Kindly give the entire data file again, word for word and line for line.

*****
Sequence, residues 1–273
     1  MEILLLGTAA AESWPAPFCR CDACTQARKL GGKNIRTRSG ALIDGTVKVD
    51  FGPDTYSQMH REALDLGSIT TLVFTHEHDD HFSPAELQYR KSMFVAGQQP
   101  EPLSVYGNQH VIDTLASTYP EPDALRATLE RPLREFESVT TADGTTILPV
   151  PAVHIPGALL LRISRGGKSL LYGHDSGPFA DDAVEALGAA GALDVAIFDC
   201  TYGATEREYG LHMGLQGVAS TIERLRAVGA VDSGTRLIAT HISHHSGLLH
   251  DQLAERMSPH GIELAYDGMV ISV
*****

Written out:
Sequence, residues 1–273
     1  MEILLLGTAA AESWPAPFCR CDACTQARKL GGKNIRTRSG ALIDGTVKVD
    51  FGPDTYSQMH REALDLGSIT TLVFTHEHDD HFSPAELQYR KSMFVAGQQP
   101  EPLSVYGNQH VIDTLASTYP EPDALRATLE RPLREFESVT TADGTTILPV
   151  PAVHIPGALL LRISRGGKSL LYGHDSGPFA DDAVEALGAA GALDVAIFDC
   201  TYGATEREYG LHMGLQGVAS TIERLRAVGA VDSGTRLIAT HISHHSGLLH
   251  DQLAERMSPH GIELAYDGMV ISV